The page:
• 2. These slides were originally designed for a presentation. They’ll make much more sense if you read the speaker notes.<br />(On Slideshare, as of 8/11, speaker notes appear beneath the slide show.)<br />README<br />
    • 3. What is Webkit TV UI?<br />Why web?<br />Engineering for UI variation<br />Performance for TV devices<br />Topics<br />
    • 4. Webkit TV UI<br />what’s the big deal?<br />
    • 5. 2’ UI vs. 10’ UI<br />2’ UI<br />10’ UI<br />
    • 6. Some Netflix Webkit TV UI devices<br />…and many more<br />
    • 7. User Agent<br />I’m an open web.<br />I’m a WebKit.<br />
    • 8. Why Web?<br />we did think this through<br />
    • 9. Dynamic Updates<br />
    • 10. Common Technology<br />
    • 11. Dynamically Add Locale Support<br />
    • 12. A/B Testing<br />
    • 13. How we support vast variation<br />not just “very carefully”<br />
    • 14. Example: “Special” UI<br />
    • 15. Which component handles the next keystroke?<br />How & where do we model navigation between components?<br />…And also, these components should be reusable between completely different UIs<br />Solve These<br />
    • 16. Tight coupling<br />Mediator pattern<br />DOM focus & events<br />Solutions We’ve Tried & Abandoned<br />
    • 17. States as the C in MVC<br />Can drive state transitions<br />States are event handling contexts<br />User input<br />Programmatic events<br />Current Solution: State Transition System<br />
    • 18. Search Input<br />State<br />Search Input<br />State<br />Search Compound<br />State<br />Search Results<br />State<br />
    • 19. Search Input<br />State<br />Search Compound<br />State<br />Search Results<br />State<br />Search Results<br />State<br />
    • 20. Events<br />Dependency injection<br />Loose Coupling<br />
    • 21. PERFORMANCE AND MEMORY<br />building a lean, mean content browsing machine<br />
    • 22. Single-page, long-lived application<br />High volume of data & images<br />Require high performance<br />Range of device capabilities<br />Why do we worry?<br />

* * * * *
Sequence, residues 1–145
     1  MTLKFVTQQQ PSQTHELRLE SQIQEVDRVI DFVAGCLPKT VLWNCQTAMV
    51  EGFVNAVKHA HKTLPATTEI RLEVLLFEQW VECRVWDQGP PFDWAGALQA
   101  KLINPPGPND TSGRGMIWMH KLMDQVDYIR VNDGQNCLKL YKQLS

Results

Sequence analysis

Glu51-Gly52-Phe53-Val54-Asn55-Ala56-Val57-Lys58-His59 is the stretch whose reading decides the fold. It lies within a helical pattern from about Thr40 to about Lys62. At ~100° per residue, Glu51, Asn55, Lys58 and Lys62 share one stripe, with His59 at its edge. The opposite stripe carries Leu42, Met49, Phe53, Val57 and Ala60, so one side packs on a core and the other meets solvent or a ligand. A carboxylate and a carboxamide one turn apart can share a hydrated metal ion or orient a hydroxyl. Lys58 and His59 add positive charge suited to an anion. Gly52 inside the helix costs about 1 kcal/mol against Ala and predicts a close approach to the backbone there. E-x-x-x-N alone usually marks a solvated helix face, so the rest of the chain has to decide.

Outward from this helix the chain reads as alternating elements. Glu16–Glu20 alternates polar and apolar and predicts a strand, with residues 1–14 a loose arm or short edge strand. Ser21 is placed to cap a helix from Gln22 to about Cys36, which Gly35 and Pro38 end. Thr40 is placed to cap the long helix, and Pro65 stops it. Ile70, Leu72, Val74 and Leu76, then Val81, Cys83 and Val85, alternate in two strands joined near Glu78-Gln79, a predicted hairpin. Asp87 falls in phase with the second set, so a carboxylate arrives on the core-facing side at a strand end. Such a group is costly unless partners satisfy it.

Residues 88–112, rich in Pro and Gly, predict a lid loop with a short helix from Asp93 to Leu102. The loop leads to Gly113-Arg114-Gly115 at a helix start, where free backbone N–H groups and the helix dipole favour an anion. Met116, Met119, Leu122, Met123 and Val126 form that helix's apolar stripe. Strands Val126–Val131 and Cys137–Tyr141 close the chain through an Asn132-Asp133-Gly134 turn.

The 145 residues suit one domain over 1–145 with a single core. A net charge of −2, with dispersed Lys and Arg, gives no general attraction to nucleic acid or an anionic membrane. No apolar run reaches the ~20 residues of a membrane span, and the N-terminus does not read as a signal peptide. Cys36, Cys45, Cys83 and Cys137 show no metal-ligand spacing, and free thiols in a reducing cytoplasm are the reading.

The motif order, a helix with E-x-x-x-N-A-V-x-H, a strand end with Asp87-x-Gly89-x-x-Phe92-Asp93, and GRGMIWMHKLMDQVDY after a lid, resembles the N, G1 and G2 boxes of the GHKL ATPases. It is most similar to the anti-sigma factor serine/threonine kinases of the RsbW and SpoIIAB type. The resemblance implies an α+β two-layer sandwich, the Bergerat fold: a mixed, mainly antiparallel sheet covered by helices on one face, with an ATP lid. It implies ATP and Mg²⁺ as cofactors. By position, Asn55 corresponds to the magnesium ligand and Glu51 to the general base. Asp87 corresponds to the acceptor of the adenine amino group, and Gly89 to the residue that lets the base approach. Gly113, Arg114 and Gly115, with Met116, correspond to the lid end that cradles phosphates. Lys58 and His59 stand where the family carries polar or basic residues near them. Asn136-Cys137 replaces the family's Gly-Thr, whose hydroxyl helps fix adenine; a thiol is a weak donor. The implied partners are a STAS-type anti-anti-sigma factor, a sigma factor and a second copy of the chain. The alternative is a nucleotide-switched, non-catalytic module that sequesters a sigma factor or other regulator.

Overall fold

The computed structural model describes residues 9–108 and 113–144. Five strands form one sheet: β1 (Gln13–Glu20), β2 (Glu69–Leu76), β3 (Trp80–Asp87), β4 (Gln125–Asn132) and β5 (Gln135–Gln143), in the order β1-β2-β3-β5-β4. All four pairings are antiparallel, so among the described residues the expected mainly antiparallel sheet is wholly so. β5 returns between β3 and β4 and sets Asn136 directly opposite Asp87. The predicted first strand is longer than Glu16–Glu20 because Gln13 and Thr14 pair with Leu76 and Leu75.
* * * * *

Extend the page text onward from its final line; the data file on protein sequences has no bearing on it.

• 23. Device Ecosystem<br />Video Memory<br />CPU<br />GPU<br />Main Memory<br />CPU Architecture<br />Graphics driver<br />Network stack<br />Memory bus speed<br />
    • 24. Device Ecosystem<br />CPU: 3.2 GHz<br />GPU: 550 MHz<br />Memory: 512 MB<br />CPU: 600 MHz  3.2 GHz<br />Memory: 88 MB  512 MB<br />
    • 25. Memory Budget<br />Total Memory<br /><ul><li>Operating System
    • 26. Webkit
    • 27. Netflix SDK
    • 28. Network/Video Buffer</li></ul>UI Budget<br />
    • 29. Progressive enhancement<br />Baseline<br />Enhanced<br />Animations<br />Request throttling<br />Cache sizes<br />Data pre-fetching<br />None enabled<br />5 concurrent<br />Small<br />Delayed,<br />Small batches<br />All enabled<br />20 concurrent<br />Large<br />Frequent,<br />Larger batches<br />
    • 30. 0.1 second: Feeling of instantaneous response<br />1.0 second: Keeps flow of thought seamless<br />10 seconds:Keeps the user’s attention<br />Perceived Performance<br />Nielsen 2010, 1993; Miller 1968; Card et al. 1991<br />
    • 31. Provide immediate feedback on user input<br />Split up long running process<br />Mask and reduce perceived wait times<br />Background work and anticipate common requests<br />Ways to Improve Responsiveness<br />